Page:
When SafetyWear installed a field of solar panels on the roof of its building on East Wallace Street in December, company officials knew they were taking a bit of a gamble.
The goal was to install enough panels to produce more than enough electricity to meet the company’s needs. But company officials also knew that the company that installed the solar-energy system started out in San Diego, where it’s sunny 68 percent of the time.
Fort Wayne? It’s only sunny here about 59 percent of the time. Plus, in San Diego, they don’t have to worry about snow blanketing solar panels in the winter. In Fort Wayne, let’s just say it snows.
As Brian Steele, chief financial officer of SafetyWear put it, "It’s hard to know when you’re a rookie" how well the system will work.
All in all, though, the company’s foray into solar power is turning out well.
The goal in December, when the company had the solar panels installed, was to generate 106 percent to 107 percent of its power needs. In months when the company generated more electricity than it used, it would be able to put extra kilowatt hours in a bank of sorts. In months when it needed to rely on the electric utility to meet its power needs, it could draw on those electric credits to pay its bill.
The company, based on usage going back one year, consumes about 65 megawatt hours of electricity, but its solar-power system has show the capacity to generate 70 to 72 megawatt hours, meaning the company would be able to bank perhaps 7 megawatts hours per year.
The company was lucky last winter because there was little snow, Steele said.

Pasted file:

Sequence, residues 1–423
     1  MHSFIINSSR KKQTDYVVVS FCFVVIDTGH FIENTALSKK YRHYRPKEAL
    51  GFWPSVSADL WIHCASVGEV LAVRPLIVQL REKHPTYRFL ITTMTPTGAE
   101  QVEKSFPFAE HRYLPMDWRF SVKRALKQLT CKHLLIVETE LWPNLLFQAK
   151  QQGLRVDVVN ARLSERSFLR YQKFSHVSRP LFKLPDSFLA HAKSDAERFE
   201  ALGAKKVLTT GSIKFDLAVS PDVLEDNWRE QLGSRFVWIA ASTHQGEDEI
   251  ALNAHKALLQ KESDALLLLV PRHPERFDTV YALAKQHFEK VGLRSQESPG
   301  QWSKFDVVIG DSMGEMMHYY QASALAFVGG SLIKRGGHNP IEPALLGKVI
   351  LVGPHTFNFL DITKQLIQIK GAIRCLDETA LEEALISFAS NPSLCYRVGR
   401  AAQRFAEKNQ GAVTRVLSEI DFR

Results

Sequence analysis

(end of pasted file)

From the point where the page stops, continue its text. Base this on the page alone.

He’s also learning that good days sometimes aren’t as productive as days that might not seem ideal. For example, on a cloudy day, the system can generate a lot of electricity, more than on a hazy day or even a bright day if it is very hot outside.
The best days, Steele says, are when it is about 50 degrees.
Of course it helps that the people at SafetyWear are sort of conservationists. Steele goes around the business turning out lights, and he turns off the lights in his office when he goes to lunch. During the day, the company opens windows in the warehouse to let light in. When I visited in December, the lights in the halls were out. It was dim, but you could get around.
The company will never be able to get completely off the grid, Steele says. There aren’t reliable batteries to store excess electricity, so the company has to rely on the utility for electricity at night.
But over the course of years, Steele says, the hope is to bank enough credits from excess electricity generated to keep net electric consumption at zero for years, even as the solar-power system loses efficiency as it ages.
Also, Steele says, "What we’ve learned as rookies is that there’s no such thing as a zero bill." There are bunch of tariffs and fees that add up to $20 to $40 a month."
A glance at SafetyWear’s electric bill tells a surprising story, though. It shows that from June to December 2015, the company paid for between 4.7 and 5.9 megawatt hours of electricity every month.
After the solar-powered system was installed, the company bought 2.7 megawatt hours in January and 1.4 megawatt hours in February.
Since March, the business has officially bought zero kilowatt hours of electricity from Indiana Michigan Power. At an annual rate, Steele said, the system is generating about $8,000 worth of electricity per year, before tax credits, which means it will pay for itself in about half its projected life span.
Frank Gray reflects on his and others’ experiences in columns published Sunday, Tuesday and Thursday. He can be reached by phone at 461-8376, fax at 461-8893, or email at firstname.lastname@example.org. You can also follow him on Twitter @FrankGrayJG.